Exit King.

Fal. Master Shallow, I owe you a thousand pound

Shal. I marry Sir Iohn, which I beseech you to let me haue home with me

Fal. That can hardly be, M[aster]. Shallow, do not you grieue at this: I shall be sent for in priuate to him: Looke you, he must seeme thus to the world: feare not your aduancement: I will be the man yet, that shall make you great

Shal. I cannot well perceiue how, vnlesse you should giue me your Doublet, and stuffe me out with Straw. I beseech you, good Sir Iohn, let mee haue fiue hundred of my thousand

Fal. Sir, I will be as good as my word. This that you heard, was but a colour

Shall. A colour I feare, that you will dye in, Sir Iohn

Fal. Feare no colours, go with me to dinner: Come Lieutenant Pistol, come Bardolfe, I shall be sent for soone at night

Ch.Iust. Go carry Sir Iohn Falstaffe to the Fleete, Take all his Company along with him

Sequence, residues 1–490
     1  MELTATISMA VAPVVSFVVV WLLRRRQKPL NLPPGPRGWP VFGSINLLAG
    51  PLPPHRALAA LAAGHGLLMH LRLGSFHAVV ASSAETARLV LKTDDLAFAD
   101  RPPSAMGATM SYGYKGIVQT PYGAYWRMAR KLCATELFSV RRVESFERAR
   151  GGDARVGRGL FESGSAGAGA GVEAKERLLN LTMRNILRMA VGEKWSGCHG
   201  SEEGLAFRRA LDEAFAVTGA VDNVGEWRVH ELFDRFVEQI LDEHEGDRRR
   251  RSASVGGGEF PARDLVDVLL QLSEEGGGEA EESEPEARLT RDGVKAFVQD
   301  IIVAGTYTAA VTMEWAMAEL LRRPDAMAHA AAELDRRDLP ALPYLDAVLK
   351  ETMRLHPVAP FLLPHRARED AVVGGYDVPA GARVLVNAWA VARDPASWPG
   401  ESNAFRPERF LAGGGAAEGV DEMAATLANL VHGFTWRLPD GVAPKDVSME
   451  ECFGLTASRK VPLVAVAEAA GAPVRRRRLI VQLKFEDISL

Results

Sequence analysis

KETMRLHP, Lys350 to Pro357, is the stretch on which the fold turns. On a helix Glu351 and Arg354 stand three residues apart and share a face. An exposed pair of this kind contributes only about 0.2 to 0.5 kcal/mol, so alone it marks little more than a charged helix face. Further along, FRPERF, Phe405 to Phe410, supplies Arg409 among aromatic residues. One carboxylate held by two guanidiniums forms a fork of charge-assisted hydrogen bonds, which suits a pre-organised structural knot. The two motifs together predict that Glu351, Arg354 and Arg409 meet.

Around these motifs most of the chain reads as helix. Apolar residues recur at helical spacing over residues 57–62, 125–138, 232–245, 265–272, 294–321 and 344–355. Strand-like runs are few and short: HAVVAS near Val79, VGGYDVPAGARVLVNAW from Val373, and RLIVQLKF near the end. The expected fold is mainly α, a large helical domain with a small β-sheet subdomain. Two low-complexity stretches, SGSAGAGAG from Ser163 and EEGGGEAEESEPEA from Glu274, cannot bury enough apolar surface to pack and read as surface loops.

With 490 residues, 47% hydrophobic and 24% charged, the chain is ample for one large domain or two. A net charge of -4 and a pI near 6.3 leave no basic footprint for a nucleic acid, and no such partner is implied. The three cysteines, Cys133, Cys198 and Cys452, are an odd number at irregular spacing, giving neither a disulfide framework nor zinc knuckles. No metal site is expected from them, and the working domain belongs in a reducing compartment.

Fal. My Lord, my Lord

Ch.Iust. I cannot now speake, I will heare you soone: Take them away

Pist. Si fortuna me tormento, spera me contento.

Exit. Manent Lancaster and Chiefe Iustice

Iohn. I like this faire proceeding of the Kings: He hath intent his wonted Followers Shall all be very well prouided for: But all are banisht, till their conuersations Appeare more wise, and modest to the world

Ch.Iust. And so they are

Iohn. The King hath call'd his Parliament, My Lord

Ch.Iust. He hath

Iohn. I will lay oddes, that ere this yeere expire, We beare our Ciuill Swords, and Natiue fire As farre as France. I heare a Bird so sing, Whose Musicke (to my thinking) pleas'd the King. Come, will you hence?



William Shakespeare
Classic Literature Library

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